For a woman who has repeatedly yelled from the mountaintops that she would never, ever marry again, Halle Berry sure wants everyone to know how deep and meaningful her engagement ring is. Conveniently enough, both People and Us Weekly have stories detailing the "perfect" emerald sparkler that the twice-divorced actress's newly confirmed fiancé Olivier Martinez slipped on her finger.
Warning: Please try to keep the eye rolls to a minimum to avoid injury ...
Us says the French actor approached Paris-based jeweler (and neighbor) Robert Mazlo shortly before Christmas and "said he wanted to produce the most beautiful ring ever made -- money was no object and he only wanted the finest materials involved."
Mazlo explains to People that the ring "symbolizes the couple's story," although it remains unclear how "hooked up on the set of a bikini-stuffed, straight-to-VOD shark thriller" was translated into bauble-form.
He says the 4-carat stone is "a one-of-a-kind piece and cannot be replaced," adding that it includes two diamonds in a yellow-gold setting "forged according to ancient Phoenician tradition."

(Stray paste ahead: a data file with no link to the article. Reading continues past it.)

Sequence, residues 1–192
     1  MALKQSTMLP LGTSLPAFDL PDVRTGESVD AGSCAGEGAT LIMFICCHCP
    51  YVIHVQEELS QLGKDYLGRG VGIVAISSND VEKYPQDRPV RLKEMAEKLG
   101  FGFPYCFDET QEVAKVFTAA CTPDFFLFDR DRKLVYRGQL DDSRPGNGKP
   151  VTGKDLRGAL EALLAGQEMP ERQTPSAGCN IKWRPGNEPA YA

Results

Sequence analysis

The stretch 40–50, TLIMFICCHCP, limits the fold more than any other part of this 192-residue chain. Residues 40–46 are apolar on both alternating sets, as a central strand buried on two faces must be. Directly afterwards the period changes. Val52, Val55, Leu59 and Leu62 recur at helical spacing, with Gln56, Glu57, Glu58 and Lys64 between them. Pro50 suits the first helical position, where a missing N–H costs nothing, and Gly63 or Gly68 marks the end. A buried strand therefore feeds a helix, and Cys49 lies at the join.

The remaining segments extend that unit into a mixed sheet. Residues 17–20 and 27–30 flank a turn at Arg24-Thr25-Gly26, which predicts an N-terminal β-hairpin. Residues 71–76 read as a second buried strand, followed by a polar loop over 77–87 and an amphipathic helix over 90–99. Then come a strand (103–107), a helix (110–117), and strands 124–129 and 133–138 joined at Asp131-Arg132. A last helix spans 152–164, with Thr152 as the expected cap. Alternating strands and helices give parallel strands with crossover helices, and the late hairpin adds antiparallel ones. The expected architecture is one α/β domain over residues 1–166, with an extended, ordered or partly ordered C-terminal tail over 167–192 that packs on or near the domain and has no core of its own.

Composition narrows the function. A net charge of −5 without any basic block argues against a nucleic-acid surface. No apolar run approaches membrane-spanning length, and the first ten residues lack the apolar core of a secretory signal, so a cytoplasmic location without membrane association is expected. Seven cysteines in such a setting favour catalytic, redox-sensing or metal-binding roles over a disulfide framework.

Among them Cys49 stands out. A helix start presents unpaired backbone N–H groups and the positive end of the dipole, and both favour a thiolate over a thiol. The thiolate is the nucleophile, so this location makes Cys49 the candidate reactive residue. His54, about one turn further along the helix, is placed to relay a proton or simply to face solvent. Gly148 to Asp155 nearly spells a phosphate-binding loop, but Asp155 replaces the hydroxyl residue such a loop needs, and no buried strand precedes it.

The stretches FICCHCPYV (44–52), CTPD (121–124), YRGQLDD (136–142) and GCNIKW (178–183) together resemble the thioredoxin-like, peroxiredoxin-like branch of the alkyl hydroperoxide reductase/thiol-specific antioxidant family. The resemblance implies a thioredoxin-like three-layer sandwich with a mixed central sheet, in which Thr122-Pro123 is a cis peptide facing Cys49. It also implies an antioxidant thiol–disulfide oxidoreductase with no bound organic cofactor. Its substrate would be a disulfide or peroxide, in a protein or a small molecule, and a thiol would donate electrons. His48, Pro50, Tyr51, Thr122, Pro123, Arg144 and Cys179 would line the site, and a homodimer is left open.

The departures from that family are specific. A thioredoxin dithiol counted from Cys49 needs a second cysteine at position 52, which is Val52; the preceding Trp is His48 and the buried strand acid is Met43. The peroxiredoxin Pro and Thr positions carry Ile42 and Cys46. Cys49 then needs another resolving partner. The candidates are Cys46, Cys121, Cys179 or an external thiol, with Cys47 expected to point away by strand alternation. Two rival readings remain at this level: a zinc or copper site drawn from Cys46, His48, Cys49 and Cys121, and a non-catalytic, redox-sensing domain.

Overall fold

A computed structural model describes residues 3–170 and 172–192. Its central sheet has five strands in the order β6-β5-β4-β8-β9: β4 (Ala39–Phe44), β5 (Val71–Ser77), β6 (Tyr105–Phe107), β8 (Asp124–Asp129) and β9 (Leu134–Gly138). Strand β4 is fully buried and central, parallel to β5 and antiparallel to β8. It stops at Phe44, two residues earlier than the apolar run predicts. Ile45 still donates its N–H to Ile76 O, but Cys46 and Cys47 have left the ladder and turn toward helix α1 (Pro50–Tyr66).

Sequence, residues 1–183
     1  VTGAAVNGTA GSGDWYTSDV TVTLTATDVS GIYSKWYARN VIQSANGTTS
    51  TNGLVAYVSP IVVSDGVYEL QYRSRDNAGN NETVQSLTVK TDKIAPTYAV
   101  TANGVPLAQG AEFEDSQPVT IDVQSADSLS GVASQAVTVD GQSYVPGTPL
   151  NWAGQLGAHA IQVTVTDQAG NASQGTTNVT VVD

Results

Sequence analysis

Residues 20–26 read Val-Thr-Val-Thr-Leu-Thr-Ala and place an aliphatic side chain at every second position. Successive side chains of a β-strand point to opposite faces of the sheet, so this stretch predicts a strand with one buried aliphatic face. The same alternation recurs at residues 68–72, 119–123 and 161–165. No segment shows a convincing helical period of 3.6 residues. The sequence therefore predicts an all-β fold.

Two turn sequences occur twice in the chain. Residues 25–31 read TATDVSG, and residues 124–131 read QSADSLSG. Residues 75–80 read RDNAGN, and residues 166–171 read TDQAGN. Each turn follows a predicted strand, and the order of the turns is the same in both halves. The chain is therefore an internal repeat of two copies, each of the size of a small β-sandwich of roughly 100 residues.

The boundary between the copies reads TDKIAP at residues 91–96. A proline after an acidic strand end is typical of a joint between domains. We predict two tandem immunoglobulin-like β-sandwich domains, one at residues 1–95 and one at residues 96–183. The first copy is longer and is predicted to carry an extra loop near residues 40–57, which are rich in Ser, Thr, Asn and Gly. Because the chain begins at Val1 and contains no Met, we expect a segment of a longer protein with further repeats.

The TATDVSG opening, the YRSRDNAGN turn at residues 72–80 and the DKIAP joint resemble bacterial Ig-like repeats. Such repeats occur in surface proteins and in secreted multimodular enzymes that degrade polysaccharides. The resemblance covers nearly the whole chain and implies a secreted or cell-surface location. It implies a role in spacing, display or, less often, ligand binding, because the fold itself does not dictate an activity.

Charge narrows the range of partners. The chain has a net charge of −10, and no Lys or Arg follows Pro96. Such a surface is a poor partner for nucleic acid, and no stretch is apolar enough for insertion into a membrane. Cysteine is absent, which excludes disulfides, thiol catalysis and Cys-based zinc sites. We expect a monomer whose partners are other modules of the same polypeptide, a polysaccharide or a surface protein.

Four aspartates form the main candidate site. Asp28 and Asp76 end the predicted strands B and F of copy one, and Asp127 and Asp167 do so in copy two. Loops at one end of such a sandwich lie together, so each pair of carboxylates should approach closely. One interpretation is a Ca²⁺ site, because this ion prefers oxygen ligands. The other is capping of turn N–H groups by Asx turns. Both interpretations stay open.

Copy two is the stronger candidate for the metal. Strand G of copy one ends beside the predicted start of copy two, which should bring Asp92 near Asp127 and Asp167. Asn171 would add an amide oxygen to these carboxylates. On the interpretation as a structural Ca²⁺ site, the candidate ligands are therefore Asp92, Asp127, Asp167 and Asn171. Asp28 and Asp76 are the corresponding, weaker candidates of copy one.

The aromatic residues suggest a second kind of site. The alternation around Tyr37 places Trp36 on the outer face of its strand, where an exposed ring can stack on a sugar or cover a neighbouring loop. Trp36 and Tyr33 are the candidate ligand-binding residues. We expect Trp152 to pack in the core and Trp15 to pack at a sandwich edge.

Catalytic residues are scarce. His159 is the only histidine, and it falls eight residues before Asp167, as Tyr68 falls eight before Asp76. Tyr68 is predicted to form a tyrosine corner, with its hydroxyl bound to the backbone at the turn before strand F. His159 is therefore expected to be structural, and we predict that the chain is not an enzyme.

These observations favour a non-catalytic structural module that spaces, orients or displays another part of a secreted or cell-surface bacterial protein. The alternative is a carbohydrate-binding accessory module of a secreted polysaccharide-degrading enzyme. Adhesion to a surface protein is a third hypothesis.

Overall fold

"The ring is textured and contains codes and symbols which you cannot see ... only the person wearing it can," says Mazlo. "It's very uncommon. The symbols and codes represent [their] story and only they can interpret it."
Seems the jeweler gave Martinez a 500-year-old "mystical alchemy test" to figure out Berry's favorite shapes, colors, numbers and signs, which he then "decoded" and turned into a ring that cost somewhere in the tony neighborhood of "well into the five figures."
Wedding plans remain up in the air, probably because Berry, who reportedly wants to move to Olivier's native France with 3-year-old daughter Nahla, is still tussling with ex-boyfriend Gabriel Aubry over custody.
"Not yet finalized," says the Us source of the pair's aisle-walk plans, adding that there's a "very good chance it would be in Paris. It will be the first time round for Olivier. ... He would love it to be in his home city, the city he knows and loves."
Symbols and codes and Phoenician traditions are all well and good, but we remain on the fence on whether these two will actually make it to the altar. What say you? Tell us in the comments.
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